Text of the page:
CoalWire 110, November 12, 2015

November 12, 2015

editor’s note

Failure is perhaps the word to best describe the coal industry’s last week: the failure of Peabody Energy to warn investors about the financial risks of action on climate change, the failure of the Kemper and Boundary Dam CCS projects to live up to their owners’ claims and the failure of the International Energy Agency to grasp the speed and magnitude of the changes to the global coal market.

Bob Burton
CoalWire Editor

features

2015: The year global coal consumption fell off a cliff

In the first half of 2015 global coal consumption fell by between 90 and 180 million tonnes — the largest drop on record — writes Zachary Davies Boren and Lauri Myllyvirta at Greenpeace’s EnergyDesk.

Tweet: 2015: The year global #coal consumption fell off a cliff http://bit.ly/1MGaWrt @zdboren @laurimyllyvirta 

China’s coal bubble: building 155 new plants while many lay idle

China’s central and provincial governments have permitted 155 plants this year, even though there is already massive coal overcapacity writes Zachary Davies Boren in Greenpeace’s EnergyDesk.

Tweet: #China’s #coal bubble: building 155 new plants while others lay idle http://bit.ly/1O2S4GD @zdboren @laurimyllyvirta

The fallout from SaskPower’s Boundary Dam CCS debacle

The controversy over SaskPower’s troubled Boundary Dam CCS project will affect the coal industry’s PR pitch at the Paris climate conference in December, writes Bob Burton in Endcoal.

Tweet: The fallout from #SaskPower’s Boundary Dam #CCS debacle http://bit.ly/1WMVDIq @bobburtonoz #coal

The good, the bad and the ugly of the IEA’s World Energy Outlook on coal

The International Energy Agency’s World Energy Outlook 2015 is out, but its reliance on 2013 data renders its analysis of what is happening with coal out of date writes Bob Burton in EndCoal.

Tweet: The good the bad and the ugly of the IEA’s World Energy Outlook on #coal #weo2015 @bobburtonoz

campaigns

Indian villagers defeat Sompeta power plant

After an eight-year-long campaign – including an almost six-year-long relay hunger strike – a coalition of fisherfolk, villagers and environmentalists has defeated the proposed 2640 megawatt coal plant at Sompeta in Andhra Pradesh. In July 2010, when over 20,000 people marched in protest against the Nagarjuna Construction Company’s construction activities in the wetlands, police opened fire on the marchers, killing three and seriously injuring five others. In late August the State Government cancelled the land allocation for the power station and directed that the company only use it for agricultural projects. At a rally to celebrate the villagers’ campaign, the 2166 day-long hunger strike came to an end.  (The News Minute, The Hindu)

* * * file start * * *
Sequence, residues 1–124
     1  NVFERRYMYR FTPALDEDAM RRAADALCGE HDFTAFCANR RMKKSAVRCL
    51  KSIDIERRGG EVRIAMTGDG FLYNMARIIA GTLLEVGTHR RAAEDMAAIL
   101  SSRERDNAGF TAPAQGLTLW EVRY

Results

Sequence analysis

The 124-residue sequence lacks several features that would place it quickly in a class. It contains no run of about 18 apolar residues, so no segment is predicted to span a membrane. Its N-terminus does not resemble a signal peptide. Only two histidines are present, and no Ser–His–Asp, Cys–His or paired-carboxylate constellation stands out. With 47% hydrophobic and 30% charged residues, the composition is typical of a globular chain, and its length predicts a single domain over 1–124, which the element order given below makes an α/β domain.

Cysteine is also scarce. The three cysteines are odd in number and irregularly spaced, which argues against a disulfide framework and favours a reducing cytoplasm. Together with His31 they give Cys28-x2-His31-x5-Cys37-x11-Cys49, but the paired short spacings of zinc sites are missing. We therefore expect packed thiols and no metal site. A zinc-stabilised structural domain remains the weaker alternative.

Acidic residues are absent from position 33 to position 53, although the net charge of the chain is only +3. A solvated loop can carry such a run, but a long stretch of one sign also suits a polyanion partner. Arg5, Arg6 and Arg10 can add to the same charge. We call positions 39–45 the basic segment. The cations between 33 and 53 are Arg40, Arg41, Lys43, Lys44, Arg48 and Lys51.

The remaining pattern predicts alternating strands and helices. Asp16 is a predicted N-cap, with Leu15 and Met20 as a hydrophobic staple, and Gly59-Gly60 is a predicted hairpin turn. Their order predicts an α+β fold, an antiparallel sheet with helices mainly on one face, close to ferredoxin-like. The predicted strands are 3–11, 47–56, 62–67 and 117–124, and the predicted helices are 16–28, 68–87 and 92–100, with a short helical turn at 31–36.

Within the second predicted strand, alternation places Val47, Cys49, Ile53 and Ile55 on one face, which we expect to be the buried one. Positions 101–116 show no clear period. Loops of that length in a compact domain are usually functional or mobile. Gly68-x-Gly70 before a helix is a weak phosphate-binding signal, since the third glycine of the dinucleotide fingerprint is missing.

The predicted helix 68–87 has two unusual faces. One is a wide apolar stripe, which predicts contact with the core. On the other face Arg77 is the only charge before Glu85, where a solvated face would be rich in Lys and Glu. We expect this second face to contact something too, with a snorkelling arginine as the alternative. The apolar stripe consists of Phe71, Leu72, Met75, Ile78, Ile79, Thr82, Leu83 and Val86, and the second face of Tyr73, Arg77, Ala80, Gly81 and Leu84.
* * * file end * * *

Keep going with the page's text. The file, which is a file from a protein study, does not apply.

Tweet: After a 2166 day long relay hunger strike, villagers protesting #coal plant in #india can claim victory http://bit.ly/1Nqcvud

top news

Indian Government moves to shut Greenpeace down: The Indian Department of Home Affairs has cancelled Greenpeace India’s non-profit registration and directed the organisation to pass a resolution dissolving itself. The cancellation is the latest move by the Indian Government against Greenpeace, which has included banning one of its staff travelling to the UK, freezing its bank accounts and blocking the receipt of international funds. Greenpeace has rejected the government’s claims and has announced it will appeal against the ruling. (Greenpeace India)


Peabody Energy forced to improve climate disclosures: The largest US coal producer, Peabody Energy, has agreed to include more detailed disclosure of the risks of lower coal demand due to moves to cut greenhouse gas emissions in its next filing to the US Securities and Exchange Commission. An investigation by New York Attorney General Eric T. Schneiderman found the company inadequately disclosed financial risks associated with climate change. (New York Times, IEEFA)


BHP Billiton to audit coal dams after Brazil disaster: In the wake of the devastating collapse of two tailings dams at an iron ore mine it half owns, BHP Billiton has announced it will audit all tailings dams at its coal, copper and iron ore mines. The tailings dam disaster at the Samarco mine has resulted in the death of six people, with 21 people missing and significant damage to seven towns. Hundreds are homeless. BHP Billiton has interests in 16 coal mines in Indonesia, Colombia, Australia and the US. (Sydney Morning Herald)